While recurrent neural networks have found success in a variety of natural language processing applications, they are general models of sequential data. We investigate how the properties of natural language data affect an LSTM's ability to learn a nonlinguistic task: recalling elements from its input. We find that models trained on natural language data are able to recall tokens from much longer sequences than models trained on non-language sequential data. Furthermore, we show that the LSTM learns to solve the memorization task by explicitly using a subset of its neurons to count timesteps in the input. We hypothesize that the patterns and structure in natural language data enable LSTMs to learn by providing approximate ways of reducing loss, but understanding the effect of different training data on the learnability of LSTMs remains an open question.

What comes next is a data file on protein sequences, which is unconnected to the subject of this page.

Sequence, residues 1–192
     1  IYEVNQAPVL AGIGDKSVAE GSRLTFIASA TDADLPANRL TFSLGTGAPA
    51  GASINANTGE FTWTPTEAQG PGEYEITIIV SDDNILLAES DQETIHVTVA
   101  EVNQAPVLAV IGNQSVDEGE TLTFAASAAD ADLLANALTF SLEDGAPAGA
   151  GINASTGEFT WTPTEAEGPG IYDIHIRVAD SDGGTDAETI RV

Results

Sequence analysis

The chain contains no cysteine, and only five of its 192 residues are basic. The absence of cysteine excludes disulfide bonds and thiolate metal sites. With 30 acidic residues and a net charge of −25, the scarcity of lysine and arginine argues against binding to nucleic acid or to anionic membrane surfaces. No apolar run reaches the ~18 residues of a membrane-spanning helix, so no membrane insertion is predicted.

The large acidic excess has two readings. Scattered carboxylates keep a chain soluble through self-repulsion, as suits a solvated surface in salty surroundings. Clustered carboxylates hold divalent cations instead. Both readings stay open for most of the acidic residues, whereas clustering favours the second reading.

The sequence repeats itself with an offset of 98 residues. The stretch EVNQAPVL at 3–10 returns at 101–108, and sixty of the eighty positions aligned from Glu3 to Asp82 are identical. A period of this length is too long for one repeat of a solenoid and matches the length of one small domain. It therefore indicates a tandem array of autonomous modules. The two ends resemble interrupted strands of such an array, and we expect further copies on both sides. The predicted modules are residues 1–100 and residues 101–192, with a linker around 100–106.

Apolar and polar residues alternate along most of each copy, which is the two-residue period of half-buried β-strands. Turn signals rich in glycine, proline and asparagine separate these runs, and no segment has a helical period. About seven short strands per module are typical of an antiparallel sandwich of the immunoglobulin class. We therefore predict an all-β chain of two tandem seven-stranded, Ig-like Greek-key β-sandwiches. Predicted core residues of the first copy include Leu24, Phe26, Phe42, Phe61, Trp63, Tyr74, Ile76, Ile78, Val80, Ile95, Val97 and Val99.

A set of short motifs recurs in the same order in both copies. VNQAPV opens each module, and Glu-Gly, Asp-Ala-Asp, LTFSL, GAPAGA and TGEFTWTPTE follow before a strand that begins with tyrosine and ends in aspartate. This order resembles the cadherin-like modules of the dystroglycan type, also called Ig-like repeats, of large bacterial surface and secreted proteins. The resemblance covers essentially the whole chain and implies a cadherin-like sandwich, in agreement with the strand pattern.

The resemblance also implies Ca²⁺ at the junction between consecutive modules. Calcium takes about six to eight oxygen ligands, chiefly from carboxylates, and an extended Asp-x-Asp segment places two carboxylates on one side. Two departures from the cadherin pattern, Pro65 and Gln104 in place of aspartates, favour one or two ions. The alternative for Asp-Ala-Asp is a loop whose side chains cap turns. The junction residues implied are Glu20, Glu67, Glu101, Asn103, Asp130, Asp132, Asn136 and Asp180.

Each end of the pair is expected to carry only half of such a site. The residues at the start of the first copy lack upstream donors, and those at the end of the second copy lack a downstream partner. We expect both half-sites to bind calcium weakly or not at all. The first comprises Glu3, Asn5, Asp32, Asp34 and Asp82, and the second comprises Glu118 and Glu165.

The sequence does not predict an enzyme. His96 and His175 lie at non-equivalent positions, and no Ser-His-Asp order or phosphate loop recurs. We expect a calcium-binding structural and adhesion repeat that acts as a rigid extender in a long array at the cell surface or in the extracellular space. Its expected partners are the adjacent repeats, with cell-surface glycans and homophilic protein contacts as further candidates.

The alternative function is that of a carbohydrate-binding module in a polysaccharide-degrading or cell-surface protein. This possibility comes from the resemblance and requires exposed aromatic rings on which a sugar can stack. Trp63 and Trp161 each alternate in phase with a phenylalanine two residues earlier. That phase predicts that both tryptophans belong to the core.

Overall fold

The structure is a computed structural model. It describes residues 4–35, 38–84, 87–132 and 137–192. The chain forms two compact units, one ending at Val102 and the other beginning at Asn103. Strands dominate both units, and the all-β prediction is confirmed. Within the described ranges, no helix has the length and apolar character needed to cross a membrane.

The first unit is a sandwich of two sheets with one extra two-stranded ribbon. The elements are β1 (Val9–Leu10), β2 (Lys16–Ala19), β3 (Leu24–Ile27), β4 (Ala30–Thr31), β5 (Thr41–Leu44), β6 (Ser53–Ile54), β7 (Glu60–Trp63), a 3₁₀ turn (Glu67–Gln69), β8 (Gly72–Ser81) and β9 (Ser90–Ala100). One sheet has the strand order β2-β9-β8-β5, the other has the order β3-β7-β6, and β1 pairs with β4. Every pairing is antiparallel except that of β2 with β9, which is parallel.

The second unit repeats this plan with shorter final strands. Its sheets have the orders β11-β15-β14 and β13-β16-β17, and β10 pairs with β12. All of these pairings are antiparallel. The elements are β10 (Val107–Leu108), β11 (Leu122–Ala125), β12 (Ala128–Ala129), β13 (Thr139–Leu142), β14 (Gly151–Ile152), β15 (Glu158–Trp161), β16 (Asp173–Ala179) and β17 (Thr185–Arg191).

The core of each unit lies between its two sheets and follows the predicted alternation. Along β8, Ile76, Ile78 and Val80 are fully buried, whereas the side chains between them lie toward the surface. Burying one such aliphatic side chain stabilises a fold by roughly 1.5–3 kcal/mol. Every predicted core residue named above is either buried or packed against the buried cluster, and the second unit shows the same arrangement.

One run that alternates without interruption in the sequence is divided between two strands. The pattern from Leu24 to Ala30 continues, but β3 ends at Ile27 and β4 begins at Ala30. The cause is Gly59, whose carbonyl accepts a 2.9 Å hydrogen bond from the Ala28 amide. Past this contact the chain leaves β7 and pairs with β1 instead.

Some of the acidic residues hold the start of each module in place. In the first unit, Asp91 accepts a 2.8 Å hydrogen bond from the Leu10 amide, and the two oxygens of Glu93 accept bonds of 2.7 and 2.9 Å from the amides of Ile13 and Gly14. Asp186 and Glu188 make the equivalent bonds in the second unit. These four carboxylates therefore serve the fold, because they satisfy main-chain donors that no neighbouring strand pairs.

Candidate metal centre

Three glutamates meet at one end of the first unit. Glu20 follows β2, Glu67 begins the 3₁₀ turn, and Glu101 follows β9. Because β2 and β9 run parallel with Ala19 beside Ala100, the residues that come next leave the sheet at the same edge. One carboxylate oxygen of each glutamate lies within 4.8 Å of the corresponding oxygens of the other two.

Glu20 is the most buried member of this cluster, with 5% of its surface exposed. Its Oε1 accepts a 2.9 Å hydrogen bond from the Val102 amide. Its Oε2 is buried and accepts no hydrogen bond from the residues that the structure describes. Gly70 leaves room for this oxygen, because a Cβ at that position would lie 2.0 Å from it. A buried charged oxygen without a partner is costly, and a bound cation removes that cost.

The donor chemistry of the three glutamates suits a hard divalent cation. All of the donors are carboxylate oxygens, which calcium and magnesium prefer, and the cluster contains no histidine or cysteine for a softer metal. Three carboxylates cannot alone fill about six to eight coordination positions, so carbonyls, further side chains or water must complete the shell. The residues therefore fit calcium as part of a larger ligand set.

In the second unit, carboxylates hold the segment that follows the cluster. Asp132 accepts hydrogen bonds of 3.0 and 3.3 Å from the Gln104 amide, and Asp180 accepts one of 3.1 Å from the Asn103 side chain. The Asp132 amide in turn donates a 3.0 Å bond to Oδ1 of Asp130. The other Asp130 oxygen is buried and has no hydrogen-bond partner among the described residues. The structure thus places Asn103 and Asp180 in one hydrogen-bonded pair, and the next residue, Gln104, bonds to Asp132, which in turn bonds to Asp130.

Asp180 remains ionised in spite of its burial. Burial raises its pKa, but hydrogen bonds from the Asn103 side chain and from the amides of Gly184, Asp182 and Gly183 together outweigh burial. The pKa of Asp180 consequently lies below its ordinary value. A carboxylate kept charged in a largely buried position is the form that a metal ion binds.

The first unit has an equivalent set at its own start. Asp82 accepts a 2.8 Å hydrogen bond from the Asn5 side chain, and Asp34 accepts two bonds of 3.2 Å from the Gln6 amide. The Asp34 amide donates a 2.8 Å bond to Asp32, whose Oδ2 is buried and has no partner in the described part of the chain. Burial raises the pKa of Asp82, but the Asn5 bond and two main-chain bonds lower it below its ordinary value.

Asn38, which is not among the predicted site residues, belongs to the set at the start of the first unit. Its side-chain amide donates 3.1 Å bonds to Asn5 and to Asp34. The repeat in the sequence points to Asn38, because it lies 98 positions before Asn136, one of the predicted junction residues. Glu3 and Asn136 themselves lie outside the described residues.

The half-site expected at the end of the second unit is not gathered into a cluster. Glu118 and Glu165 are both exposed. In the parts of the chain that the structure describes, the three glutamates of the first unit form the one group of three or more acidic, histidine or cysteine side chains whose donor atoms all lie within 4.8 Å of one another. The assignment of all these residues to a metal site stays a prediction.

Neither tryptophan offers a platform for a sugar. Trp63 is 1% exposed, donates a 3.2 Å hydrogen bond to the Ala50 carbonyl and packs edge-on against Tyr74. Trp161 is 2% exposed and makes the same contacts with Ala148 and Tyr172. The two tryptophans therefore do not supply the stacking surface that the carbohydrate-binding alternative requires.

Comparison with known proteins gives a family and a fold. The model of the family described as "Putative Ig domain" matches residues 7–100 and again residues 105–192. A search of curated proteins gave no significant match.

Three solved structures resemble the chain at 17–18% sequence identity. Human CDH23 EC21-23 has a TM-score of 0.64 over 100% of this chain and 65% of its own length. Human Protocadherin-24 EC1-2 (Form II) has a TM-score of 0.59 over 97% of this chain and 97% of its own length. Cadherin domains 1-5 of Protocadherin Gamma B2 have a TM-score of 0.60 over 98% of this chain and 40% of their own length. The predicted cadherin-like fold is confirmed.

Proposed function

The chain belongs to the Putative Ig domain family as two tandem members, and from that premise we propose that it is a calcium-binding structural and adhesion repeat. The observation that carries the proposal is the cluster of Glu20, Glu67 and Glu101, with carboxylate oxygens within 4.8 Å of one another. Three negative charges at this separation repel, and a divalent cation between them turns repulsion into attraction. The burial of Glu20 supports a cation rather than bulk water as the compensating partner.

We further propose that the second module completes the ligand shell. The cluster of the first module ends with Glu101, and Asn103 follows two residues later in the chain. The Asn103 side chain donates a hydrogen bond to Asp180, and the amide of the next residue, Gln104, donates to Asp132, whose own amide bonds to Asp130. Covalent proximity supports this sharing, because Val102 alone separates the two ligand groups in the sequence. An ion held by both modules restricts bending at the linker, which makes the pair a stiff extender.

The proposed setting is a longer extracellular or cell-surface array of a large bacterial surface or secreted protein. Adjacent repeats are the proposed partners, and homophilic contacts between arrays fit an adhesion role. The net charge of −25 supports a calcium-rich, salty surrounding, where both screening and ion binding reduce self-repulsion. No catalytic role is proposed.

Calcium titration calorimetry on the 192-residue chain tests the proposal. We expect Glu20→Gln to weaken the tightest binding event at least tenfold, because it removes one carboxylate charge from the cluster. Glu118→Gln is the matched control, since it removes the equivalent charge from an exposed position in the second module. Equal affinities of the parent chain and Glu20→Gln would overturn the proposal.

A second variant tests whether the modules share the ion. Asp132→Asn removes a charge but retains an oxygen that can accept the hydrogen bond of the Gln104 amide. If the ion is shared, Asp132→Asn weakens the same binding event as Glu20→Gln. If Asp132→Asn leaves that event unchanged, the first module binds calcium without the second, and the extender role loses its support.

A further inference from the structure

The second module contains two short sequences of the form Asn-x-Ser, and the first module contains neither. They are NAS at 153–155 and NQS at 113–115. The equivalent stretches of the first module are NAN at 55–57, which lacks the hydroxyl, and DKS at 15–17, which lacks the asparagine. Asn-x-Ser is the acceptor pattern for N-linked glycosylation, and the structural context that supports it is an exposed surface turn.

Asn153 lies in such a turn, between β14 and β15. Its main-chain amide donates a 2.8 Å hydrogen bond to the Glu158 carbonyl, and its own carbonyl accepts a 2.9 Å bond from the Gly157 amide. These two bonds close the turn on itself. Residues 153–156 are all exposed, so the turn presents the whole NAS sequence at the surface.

|Title of host publication
|ACL 2018 - Representation Learning for NLP, Proceedings of the 3rd Workshop
|Association for Computational Linguistics (ACL)
|Number of pages
|Published - 2018
|3rd Workshop on Representation Learning for NLP, RepL4NLP 2018 at the 56th Annual Meeting of the Association for Computational Linguistics ACL 2018 - Melbourne, Australia
Duration: 20 Jul 2018 → …
|Proceedings of the Annual Meeting of the Association for Computational Linguistics
|3rd Workshop on Representation Learning for NLP, RepL4NLP 2018 at the 56th Annual Meeting of the Association for Computational Linguistics ACL 2018
|20/07/18 → …
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